“It is a bifurcated market, with continued brisk sales of homes in desirable neighborhoods, especially in the $750,000-and-up range. At the same time, lower-priced homes, and houses in outlying areas, are simply not moving — in large part because tighter lending standards, a fallout of the subprime loan crisis, mean there are fewer entry-level buyers. The shift in market mix has caused median prices to continue rising, despite the hordes of buyers sitting on the sidelines.” (Would-Be Home Buyers Hesitate)

Recent Articles

Comments from “Plugged-In” Readers

  1. Posted by Dan

    The article has an accompanying graph showing a clear bifurcation between SF and the suburbs in % of homes that have reduced their sale price. However, it doesn’t provide data to support a bifurcation in sales above and below $750,000 within the city of San Francisco. Is there data that cheaper SF homes are staying on the market longer than more expensive ones, or is this bifurcation really just city vs suburbs?

  2. Posted by Dan

    Posted today by sf.curbed.com: a map of homes in SF on the market longer than 60 days. From the map, it appears that many of the homes (on the market a long time) are in the Southeast of I-280 area, where many of the cheaper SFRs and fixers in town are located. Don’t know whether or not this southeast preponderance of slow moving homes is a new phenomenon.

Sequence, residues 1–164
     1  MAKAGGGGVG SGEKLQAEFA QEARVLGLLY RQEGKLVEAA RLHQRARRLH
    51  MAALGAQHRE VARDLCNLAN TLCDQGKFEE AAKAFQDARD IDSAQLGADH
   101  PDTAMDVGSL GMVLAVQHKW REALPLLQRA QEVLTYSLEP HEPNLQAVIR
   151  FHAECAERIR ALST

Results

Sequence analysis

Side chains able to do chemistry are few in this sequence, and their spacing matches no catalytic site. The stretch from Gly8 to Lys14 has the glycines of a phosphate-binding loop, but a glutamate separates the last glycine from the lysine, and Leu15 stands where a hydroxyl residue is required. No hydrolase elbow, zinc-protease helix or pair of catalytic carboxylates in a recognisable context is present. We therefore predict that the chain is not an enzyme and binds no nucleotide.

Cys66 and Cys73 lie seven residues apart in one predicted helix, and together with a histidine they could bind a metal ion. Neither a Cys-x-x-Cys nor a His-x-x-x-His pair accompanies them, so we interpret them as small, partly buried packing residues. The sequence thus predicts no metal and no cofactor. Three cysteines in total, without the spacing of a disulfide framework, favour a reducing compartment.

3. Posted by Ebayj

    I’m selling my 828 sq ft mid-century starter condo in San Leandro this fall, before I move to The Hayes at 55 Page, and I had already somewhat anticipated this. On one hand, I’ll allow for as long as 90-120 days to sell my place, but on the other hand, where I am (94577) and what I’m offering (2bd/2ba one block from major retail complex and three blocks from BART) is not going to be found anywhere else in Alameda County for around $370,000. And certainly not someplace as pleasant and as safe as San Leandro for that price. Point being, I don’t think one size fits all – I think there are a lot of pockets of opportunity, and pockets that are moving very slowly, and I am sincerely happy things are getting easier for buyers. It is stressful enough in the first place. I wish them luck timing the market, as very few will be successful with that.
    I know this is a city focused site – but – if you’re priced out of the city – take a good look at San Leandro – it’s a great place to live. I can get to the Embarcadero faster (5 min walk + 24 minutes BART) than many people living West of Twin Peaks.

  4. Posted by Jason

    Here’s a thought. People who are in the market to trade up don’t really have the same incentive to wait out the bubble as those who are buying first homes, since bubble deflation impacts the asset that they are selling as well as the asset that they are buying. Perhaps that helps explain some of the bifurcation in the market?

  5. Posted by badlydrawnbear

    Here’s another thought “affordability matters to everyone”.
    It matters even to the high end because every entry level purchase generate 4 more ‘move up’ purchases. The ‘Bifurcated’ market is occuring because there are no more, or very few, affordable ‘entry level’units.
    What we are seeing is the lag between the collapse of the first time buyers market, caused by affordability issues, tightening credit, and rising interest rates, and the collapse at the top of the move up market.

Add a Comment

Your email address will not be published. Required fields are marked *